Центр знаний о пастбищном животноводстве

FAO is committed to ensure the systematic consideration of rangelands and pastoralists in its programmes

16/11/2020 -

“Sustainable Livestock for the Sustainable Development Goals (SDGs)” was at the core of the 27th session of FAO’s Committee on Agriculture (COAG), which was held virtually from the 28th of September to 2nd October 2020. The COAG is one of FAO’s governing bodies that convenes over 100 member nations and meets biennially to provide overall policy and regulatory guidance on issues relating to agriculture, livestock, food safety, nutrition, rural development and natural resource management. Importantly, one of the key agenda items on livestock discussed was FAO’s work on rangelands and pastoralism, and a proposal for an International Year of Rangelands and Pastoralists (IYRP).

The speculated number of people raising livestock globally in pastoral and agro-pastoral systems is likely to be greater than 200 million. They are located in approximately 75 percent of countries and their practices vary according to the diversity of ecosystems. Healthy pastoralist systems and rangelands have great potential to deliver on the SDGs, contributing to reducing poverty (SDG 1) and hunger (SDG 2), as well as ensuring life on land (SDG 15).

Yet, rangelands are facing unsustainable land-use change due to unbalanced and short-term options of land management, including cropland expansion. Breakdown of common tenure rights resulting in conflicts and disruption of mobility and access to natural resources. Sedentarization programmes, urbanization, extractive industries and wildfires are other threats to the productivity and ecological integrity of these lands and pastoralism.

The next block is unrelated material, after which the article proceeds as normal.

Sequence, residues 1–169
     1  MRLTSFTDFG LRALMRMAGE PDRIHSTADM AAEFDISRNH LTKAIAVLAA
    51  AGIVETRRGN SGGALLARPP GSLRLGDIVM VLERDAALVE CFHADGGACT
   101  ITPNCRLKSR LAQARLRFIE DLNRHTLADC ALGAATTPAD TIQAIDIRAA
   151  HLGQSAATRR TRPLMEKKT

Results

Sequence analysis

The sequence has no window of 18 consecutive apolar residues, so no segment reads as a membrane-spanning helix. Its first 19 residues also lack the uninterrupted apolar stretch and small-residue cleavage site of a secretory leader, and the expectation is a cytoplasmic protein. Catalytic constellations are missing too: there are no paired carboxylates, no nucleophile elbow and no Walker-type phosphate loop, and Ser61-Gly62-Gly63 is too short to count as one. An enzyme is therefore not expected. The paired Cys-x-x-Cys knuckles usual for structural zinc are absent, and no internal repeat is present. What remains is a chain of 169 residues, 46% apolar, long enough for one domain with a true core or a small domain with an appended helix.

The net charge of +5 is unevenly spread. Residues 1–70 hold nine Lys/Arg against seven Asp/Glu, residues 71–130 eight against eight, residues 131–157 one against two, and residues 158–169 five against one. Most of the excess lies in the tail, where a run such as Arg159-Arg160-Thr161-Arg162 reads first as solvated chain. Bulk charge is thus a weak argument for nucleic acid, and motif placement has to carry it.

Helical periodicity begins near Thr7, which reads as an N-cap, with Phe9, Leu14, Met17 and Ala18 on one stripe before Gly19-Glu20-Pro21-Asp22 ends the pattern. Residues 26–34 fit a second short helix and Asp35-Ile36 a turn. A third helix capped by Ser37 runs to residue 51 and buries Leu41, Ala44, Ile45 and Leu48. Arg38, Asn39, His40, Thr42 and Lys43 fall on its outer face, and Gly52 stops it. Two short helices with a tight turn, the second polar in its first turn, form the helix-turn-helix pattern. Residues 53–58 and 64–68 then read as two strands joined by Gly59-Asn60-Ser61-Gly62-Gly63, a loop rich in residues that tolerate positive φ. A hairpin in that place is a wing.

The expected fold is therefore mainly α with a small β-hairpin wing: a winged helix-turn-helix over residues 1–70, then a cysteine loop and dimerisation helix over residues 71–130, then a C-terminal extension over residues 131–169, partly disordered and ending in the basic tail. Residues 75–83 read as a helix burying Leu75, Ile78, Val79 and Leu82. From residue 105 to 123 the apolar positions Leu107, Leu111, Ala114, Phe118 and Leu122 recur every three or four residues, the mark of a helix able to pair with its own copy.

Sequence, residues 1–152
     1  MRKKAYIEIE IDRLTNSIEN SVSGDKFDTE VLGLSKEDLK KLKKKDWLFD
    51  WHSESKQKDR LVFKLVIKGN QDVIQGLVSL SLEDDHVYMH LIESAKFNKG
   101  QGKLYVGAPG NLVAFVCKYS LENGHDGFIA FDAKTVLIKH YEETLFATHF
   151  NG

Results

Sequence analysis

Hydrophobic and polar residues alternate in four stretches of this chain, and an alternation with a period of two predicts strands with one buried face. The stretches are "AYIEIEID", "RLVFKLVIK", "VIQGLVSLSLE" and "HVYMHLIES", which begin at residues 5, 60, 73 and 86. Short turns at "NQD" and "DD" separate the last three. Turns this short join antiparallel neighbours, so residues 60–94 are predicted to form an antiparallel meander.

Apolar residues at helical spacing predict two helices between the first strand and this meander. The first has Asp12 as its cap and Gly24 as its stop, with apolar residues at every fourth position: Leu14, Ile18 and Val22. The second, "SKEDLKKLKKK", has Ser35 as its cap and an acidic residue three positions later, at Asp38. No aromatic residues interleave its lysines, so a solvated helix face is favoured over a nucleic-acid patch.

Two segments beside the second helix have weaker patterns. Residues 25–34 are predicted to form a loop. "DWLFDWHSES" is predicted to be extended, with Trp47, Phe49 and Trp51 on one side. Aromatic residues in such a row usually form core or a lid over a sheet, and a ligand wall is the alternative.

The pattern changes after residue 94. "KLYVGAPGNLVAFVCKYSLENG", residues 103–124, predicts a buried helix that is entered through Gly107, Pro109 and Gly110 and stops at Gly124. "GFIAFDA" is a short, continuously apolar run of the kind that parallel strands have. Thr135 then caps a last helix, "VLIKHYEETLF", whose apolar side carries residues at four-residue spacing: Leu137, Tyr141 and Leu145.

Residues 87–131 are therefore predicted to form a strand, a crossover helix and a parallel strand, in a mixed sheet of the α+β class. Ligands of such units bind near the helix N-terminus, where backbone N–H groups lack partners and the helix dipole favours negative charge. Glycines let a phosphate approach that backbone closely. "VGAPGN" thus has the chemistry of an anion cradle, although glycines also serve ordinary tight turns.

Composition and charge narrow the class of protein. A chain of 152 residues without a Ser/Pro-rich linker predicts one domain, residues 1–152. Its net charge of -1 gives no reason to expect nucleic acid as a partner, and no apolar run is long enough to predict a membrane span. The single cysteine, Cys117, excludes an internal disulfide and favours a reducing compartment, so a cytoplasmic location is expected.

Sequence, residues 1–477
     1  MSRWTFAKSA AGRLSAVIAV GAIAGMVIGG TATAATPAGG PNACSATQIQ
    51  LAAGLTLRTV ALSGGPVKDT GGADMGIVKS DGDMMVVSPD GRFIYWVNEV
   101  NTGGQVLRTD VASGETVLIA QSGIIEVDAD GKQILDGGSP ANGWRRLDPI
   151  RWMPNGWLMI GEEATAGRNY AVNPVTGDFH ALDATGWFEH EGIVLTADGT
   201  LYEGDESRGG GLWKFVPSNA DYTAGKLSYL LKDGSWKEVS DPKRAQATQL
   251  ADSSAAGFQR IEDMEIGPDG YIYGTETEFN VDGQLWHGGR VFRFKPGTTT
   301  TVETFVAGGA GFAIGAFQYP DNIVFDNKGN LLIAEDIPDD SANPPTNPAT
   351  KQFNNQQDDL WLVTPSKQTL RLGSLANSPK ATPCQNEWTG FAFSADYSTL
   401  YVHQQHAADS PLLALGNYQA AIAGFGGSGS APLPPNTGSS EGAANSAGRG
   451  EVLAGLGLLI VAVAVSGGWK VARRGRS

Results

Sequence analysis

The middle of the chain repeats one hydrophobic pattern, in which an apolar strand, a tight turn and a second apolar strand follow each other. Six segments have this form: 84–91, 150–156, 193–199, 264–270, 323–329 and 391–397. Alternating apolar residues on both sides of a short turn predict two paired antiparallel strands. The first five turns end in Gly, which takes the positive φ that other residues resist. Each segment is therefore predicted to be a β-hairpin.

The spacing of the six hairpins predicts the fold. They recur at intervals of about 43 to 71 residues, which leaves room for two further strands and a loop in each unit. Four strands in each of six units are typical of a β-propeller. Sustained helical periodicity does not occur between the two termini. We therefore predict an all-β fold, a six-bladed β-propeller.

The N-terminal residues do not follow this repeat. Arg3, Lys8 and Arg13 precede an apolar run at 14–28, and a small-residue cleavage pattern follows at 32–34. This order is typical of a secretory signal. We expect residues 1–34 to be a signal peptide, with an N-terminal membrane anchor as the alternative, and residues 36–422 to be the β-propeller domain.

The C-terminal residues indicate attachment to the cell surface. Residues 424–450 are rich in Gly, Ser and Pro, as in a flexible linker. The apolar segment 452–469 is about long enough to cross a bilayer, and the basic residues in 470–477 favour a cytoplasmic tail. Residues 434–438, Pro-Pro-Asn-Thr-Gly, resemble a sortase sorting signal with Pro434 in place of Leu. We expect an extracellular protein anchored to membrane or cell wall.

FAO contributes to addressing some of these challenges by working on sustainable management of rangelands, governance, data and knowledge generation, and supporting pastoralists’ advocacy initiatives. However, to enable a long-term and coordinated approach sustaining the natural and cultural values of rangelands and securing the pastoral systems, it is important for FAO to mainstream rangelands and pastoralism to ensure their systematic consideration in technical and policy programmes for their sustainable management and development.

FAO’s work on rangelands and pastoralists was discussed on 1st October 2020 by the COAG. Importantly, the Committee acknowledged the key role of rangelands and pastoralism in contributing to national economies and supporting livelihoods and food security of millions of people, as well as ecosystem services they provide, particularly in arid and semi-arid lands and mountainous areas.  Recognizing the challenges faced by pastoralists and rangelands, the Committee requested FAO to mainstream its work to ensure their systematic consideration in its technical and policy programmes. ​

Moreover, the Committee endorsed the proposal initiated by the Government of Mongolia on the establishment of an IYRP in 2026. This proposal by the Mongolian government received overwhelming support globally from over 55 countries, including the EU and 153 organizations from civil society to local and international NGOs, research centres and international institutions. The proposal then received further support from FAO member nations during the discussion at COAG 27.

The IYRP is meant to  raise awareness on the perceived natural and cultural values of rangelands and pastoral livelihood systems. It would increase global understanding of their importance to global food security and environmental services, highlighting valuable traditional knowledge. Also, it would foster innovation towards sustainability and overcoming poverty of pastoralists and boost efforts for investment in pastoral systems and restoration of degraded rangelands. Being endorsed by COAG, the proposal will now be submitted for consideration by the FAO Council and, later, for adoption by the FAO Conference in June 2021.

With the SDGs promising to achieve universal benefits and leave no one behind, the emphasis on sustainability, equity and inclusion makes this acknowledgement by COAG a highly significant turning point for FAO’s work on pastoralists and rangelands. It will allow for a wider awareness about the importance of rangelands and pastoralists for nutrition, healthy ecosystems, income and employment generation and other relevant dimensions of sustainable development, thus leading to better policies and programmes at national, regional and global level.